In The Zone

Eloy's Skies are raining men, and sprinkling hot chicks, too.

A DJ spins techno one night as skydivers work their way through a keg, roasting hot dogs over several burn barrels that send embers shooting into the dark desert sky. Omar and the other freeflyers have spent the day competing in a meet, and much to no one's surprise, Omar has taken first in the free-flight discipline he helped pioneer over the last decade. His prize? Not much more than a backpack, discount coupons on equipment and a free latte.

Omar has a home in Eloy and teaches at the Freeflight School he founded in 1998, just five years after his first dive.

Inspired by watching a scene from Moonraker in which James Bond straps on a chute and chases Jaws out of a plane, Omar says he knew right after he made his first jump in Maryland in October of 1993 that he wanted to be a world champion. It was just a matter of time.

Skydivers from all over the world spend the winter at Eloy.
Skydivers from all over the world spend the winter at Eloy.


Photography by Jackie Mercandetti

Luckily, he had the money to make his dream happen in short order. A silver spoon can be a fast track to the higher echelons of this sport, provided focus and talent are also present.

Omar's the son of a Saudi sheik who was once ambassador to the United States. He grew up in Spain, Brazil and the U.S. and admits he wore "many different hats" before devoting himself to skydiving. After a stint as an equity dealer, Omar ran a sushi restaurant outside of Washington, D.C. Before that, he says he produced a charity concert that raised $2 million for Bosnian children. He says the band Ambrosia reunited at the gig.

Then he went skydiving, and decided he had to become the best in the world.

Within a year, he took second place -- losing the gold by one point -- in a World Freestyle Federation competition in Eloy.

Instead of the aerial square dancing that the tamer relative arm of the sport entails, Omar's freeflight style is like break-dancing at serious speed. He spins, flips and corkscrews through his freefalls. With freestyle, there's a decrease in wind resistance, because jumpers point their heads straight down and "track" through the air by pulling their arms to their sides, rolling shoulders forward and straightening their legs. This allows them to shoot toward the earth at speeds of from 200 to 300 mph.

In a decade, freeflying has become one of skydiving's most popular disciplines, and Omar has been its world champion 10 times -- winning firsts in competitions in Turkey in 1996, Finland and California in 1997, California in 1998, Eloy in 2000 and 2001, and Poland, Chicago and Spain in 2002.

His focus on the sport remains steadfast. Despite the 14,000 jumps he's made in the past 10 years, he's not bored a bit. "It's like going up to a kid who's playing in a sandbox and saying, 'Aren't you bored yet?' I have the biggest sandbox in the world."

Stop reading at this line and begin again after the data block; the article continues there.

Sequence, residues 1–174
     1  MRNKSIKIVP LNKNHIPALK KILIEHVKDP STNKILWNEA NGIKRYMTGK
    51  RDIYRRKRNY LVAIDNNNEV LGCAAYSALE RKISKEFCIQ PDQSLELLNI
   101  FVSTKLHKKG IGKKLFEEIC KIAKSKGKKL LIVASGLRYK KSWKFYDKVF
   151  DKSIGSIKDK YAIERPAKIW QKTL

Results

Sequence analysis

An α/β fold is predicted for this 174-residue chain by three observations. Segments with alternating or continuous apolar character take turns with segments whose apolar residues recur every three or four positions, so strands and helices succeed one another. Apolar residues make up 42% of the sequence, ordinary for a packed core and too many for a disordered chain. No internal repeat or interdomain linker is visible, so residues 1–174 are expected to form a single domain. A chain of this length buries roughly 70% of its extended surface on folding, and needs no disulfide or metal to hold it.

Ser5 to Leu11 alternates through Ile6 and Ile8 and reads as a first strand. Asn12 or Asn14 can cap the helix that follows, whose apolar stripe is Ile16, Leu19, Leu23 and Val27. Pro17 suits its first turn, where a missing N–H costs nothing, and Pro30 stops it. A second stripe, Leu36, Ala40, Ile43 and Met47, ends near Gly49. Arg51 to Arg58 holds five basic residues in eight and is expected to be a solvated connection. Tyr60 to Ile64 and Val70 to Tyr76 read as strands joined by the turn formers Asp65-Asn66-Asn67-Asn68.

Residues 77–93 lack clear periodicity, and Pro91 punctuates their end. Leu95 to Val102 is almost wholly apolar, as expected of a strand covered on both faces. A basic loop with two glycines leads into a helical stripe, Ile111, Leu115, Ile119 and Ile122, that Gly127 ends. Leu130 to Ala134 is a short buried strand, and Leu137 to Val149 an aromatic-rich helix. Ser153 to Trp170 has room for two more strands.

In addition to coaching at his freeflight school (for which he earns about $70 per coached jump), in January he started a business called Aerial Stunt Services with several other skydiving legends that he hopes will better market the sport to Hollywood.

Show business isn't alien to Omar. He's worked as a stunt man for television commercials for Honda and Axe deodorant, and feature films (Three Kings, starring George Clooney and Mark Wahlberg, and Wild California, an IMAX film). He jumped from one plane in flight into the cockpit of a biplane last year, "a world record," he says. And along with partner and videographer Greg Gasson, he has been featured in skydiving films (like Crosswing, Chronicles and Good Stuff) that play continually on the Bent Prop's big-screen TV.

On New Year's Eve, 2000, he was among a group of 15 who simultaneously jumped off the Petronas Tower in Kuala Lumpur, the world's tallest building at 1,483 feet, to usher in the new millennium. And he says he had next planned to jump off a skyscraper in New York, but by late 2001, permits became a bit problematic. "Nobody wanted to hear anything about New York buildings and Saudis," he says quietly.

"Omar's a fucking great skydiver," says Ricardo Orozco. "And he's not stuck up about it."

A scruffy 29-year-old, Orozco's more concerned with where he's going to get the money for his next jump ticket than when he might eat again. Big dreams and limited finances can be a frustrating combination.

"I could be working on getting certified as a tandem instructor, I guess. Make some money that way, but I don't want to jump tandems all day long. I want to coach eventually, I guess."

Orozco drives his motorcycle a little too fast, has a smattering of tattoos on his torso and legs and has a strong passion for opera and symphony music, which he studied and performed at the University of New Mexico.

He came to Arizona last year from a small drop zone in California, tried holding down a job in Phoenix and commuting to Eloy on weekends, but couldn't resist the draw of the skydiving environment. The hourlong commute was agonizing, so he quit the job and moved to Eloy in January. He refers to what he did as "cutting away," same as the skydiving term that means separating yourself from a malfunctioning parachute during a jump and deploying your reserve chute.

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